Jun 11, 2014 12:16 PM by Dave Baker
There were a number of complaints yesterday about the flooding that took place on major roadways in Lafayette and Acadiana. It's not a new thing here, and it's not something that's going to go away. But before the blame game gets started, let's go over a few numbers.
The last two big rains have been fierce and record breaking. These weren't your everyday rains. Two weeks ago "officially" at the Lafayette Regional Airport we received 6.87 inches of rain. That was the third highest, one day May rainfall total in history. Yesterday's rainfall total was 3.69 inches. Both of these flood events had the bulk of the rain fall in less than six hours. Tuesday's rain came in just three.
I know there were other measurements and backyard rain gauges that had more. We had radar estimates that were as high as 12 inches two weeks ago, and up to 8 inches yesterday. To give some perspective, the May 28th event was HIGHER than the totals we received during Tropical Storm Allison back in 2001. More than the January 2013 flooding, and more than the March 2012 flooding.
I heard, "We have to move the water out more quickly". Sure, that would help. But let's face it. Lafayette is flat. Louisiana is flat. Water flows downhill. So, unless taxpayers are prepared to pay for something to move the water by force, it's staying. Believe it or not, Lafayette's drainage system is so efficient that it makes a river run backward!!! Two rains like that would seriously flood many cities. The majority of our roads were dry within hours.
More of us are connected to the drainage system. Lafayette is booming with development, not just homes, commercial business are concreting land that would normally absorb water. Most water from everyone's property is guided toward the street. The slope of your yard, the drainage system on your roof. You wouldn't believe how much water YOU are sending to the drainage system. How can we slow that flow so the main drainage for the city can keep up. A change in thinking, particularly landscaping may be the answer. KATC did a story about that back in 2012. Click here for that story.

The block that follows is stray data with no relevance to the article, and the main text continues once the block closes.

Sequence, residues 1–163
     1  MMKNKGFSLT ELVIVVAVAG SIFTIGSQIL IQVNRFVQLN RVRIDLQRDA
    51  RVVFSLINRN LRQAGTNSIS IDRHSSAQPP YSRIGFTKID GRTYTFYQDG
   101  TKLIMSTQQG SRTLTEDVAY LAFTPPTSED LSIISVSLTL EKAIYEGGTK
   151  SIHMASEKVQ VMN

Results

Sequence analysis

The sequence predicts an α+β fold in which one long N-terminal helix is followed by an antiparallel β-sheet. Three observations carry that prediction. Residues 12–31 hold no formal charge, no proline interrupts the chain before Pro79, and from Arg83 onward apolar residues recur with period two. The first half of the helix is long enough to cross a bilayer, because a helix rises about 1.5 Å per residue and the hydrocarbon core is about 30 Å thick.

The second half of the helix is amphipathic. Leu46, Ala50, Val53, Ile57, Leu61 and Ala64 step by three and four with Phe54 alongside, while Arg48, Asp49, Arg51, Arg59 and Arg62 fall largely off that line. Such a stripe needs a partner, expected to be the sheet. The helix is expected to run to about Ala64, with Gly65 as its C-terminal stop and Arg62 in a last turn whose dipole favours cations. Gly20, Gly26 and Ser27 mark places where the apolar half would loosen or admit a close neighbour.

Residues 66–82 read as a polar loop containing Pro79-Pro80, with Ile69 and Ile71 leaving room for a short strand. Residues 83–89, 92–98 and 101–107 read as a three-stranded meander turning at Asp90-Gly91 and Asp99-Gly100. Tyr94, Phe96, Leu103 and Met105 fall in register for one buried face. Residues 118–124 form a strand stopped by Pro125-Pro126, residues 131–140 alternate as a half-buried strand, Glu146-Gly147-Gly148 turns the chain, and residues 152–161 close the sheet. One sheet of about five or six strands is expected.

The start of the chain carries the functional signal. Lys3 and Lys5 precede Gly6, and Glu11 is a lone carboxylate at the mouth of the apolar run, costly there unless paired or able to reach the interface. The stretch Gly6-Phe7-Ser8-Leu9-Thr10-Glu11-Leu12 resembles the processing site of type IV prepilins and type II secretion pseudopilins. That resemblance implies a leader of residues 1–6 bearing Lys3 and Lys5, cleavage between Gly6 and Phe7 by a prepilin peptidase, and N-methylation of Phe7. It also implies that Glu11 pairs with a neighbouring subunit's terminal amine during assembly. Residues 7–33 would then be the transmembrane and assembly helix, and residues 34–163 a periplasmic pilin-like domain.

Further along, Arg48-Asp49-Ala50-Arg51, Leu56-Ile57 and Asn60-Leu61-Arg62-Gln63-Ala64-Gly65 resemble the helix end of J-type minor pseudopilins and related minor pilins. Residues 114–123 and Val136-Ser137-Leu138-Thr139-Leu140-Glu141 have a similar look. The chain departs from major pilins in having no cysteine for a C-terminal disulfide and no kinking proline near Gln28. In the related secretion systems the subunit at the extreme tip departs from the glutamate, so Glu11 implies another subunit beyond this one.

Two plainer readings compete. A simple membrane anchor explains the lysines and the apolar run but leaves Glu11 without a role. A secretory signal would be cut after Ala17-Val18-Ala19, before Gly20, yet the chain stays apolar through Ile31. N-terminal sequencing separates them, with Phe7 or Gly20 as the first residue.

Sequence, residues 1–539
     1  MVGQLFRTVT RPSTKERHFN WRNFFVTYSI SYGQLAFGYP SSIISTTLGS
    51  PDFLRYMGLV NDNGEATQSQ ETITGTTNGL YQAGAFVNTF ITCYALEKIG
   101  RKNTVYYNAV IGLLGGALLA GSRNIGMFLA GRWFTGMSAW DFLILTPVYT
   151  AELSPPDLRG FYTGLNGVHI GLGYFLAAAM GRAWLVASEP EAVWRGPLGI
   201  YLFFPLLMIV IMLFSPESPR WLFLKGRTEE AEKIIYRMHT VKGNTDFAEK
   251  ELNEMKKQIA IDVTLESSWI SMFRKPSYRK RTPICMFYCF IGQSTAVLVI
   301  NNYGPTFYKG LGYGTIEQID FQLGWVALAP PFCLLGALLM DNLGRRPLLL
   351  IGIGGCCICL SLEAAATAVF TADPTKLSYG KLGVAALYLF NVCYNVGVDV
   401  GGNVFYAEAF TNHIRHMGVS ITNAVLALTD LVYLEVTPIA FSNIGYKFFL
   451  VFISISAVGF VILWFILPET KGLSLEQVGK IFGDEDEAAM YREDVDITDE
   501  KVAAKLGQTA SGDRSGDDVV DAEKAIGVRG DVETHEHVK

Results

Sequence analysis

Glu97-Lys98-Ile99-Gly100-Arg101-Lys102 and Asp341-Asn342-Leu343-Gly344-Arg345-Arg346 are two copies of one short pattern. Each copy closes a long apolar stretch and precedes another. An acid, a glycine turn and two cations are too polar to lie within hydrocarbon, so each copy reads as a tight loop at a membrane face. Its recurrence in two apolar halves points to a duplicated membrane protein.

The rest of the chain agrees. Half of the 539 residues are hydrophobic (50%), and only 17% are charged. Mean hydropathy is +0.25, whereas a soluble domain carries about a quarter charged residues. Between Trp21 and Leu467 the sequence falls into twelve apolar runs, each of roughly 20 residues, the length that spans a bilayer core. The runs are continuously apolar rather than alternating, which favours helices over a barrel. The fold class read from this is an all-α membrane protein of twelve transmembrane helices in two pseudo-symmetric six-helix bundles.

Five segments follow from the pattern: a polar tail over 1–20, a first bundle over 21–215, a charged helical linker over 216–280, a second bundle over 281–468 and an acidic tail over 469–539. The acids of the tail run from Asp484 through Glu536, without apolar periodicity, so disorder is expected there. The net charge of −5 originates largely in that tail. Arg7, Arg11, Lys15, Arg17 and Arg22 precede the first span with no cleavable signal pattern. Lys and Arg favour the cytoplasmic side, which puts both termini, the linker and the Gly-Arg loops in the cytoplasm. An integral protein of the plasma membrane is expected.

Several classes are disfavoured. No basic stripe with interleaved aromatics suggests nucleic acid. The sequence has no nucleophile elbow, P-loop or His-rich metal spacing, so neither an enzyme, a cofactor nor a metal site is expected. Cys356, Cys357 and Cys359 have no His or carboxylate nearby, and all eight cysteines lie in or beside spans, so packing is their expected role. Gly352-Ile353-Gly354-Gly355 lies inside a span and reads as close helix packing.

The USGS has a great calculator on how much rainwater is removed from your roof, your yard, your community, city, and parish. Just put the numbers in and you will be amazed. You can calculate it by square feet, acres, and square miles. My roof spills almost 11,000 gallons of water with a five inch rain. That's enough to fill a 20 by 20 foot pool 4 feet deep. Filling it in three hours. Lafayette Parish is 270 square miles. An average five inch rain over Lafayette Parish is the equivalent to 23.5 billion gallons of water!! Check for yourself here.
They're were many calls for "dredging". The Vermilion, the coulees, everything. Sure, there's always room for maintenance, but it's doubtful digging deeper will solve all of the problems. That's just going to cause problems for someone else, and we should be nice to our neighbors. The number of waterways in Lafayette are mind-boggling. You probably don't even notice how many drainage areas you cross during your busy day.
Controlling tree and root growth and soil deposits from erosion need to be addressed and that's where maintenance comes in. But, our waterways are clogged with a tremendous amount of debris and garbage. Before you point fingers at the city and parish, remember just exactly how did all of that garbage get there in the first place?? Turn the finger around...it's us.
Heavy rain is a part of life in south Louisiana. It's not going away anytime soon.
5 hours ago